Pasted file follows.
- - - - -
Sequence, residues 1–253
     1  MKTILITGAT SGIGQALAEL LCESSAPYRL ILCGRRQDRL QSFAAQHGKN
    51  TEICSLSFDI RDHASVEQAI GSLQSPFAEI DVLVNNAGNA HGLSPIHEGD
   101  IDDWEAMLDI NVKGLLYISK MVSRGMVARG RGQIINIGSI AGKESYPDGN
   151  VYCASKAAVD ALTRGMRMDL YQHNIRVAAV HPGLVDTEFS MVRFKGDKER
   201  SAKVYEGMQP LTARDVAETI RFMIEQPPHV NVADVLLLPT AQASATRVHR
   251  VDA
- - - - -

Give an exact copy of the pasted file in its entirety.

Sequence, residues 1–253
     1  MKTILITGAT SGIGQALAEL LCESSAPYRL ILCGRRQDRL QSFAAQHGKN
    51  TEICSLSFDI RDHASVEQAI GSLQSPFAEI DVLVNNAGNA HGLSPIHEGD
   101  IDDWEAMLDI NVKGLLYISK MVSRGMVARG RGQIINIGSI AGKESYPDGN
   151  VYCASKAAVD ALTRGMRMDL YQHNIRVAAV HPGLVDTEFS MVRFKGDKER
   201  SAKVYEGMQP LTARDVAETI RFMIEQPPHV NVADVLLLPT AQASATRVHR
   251  VDA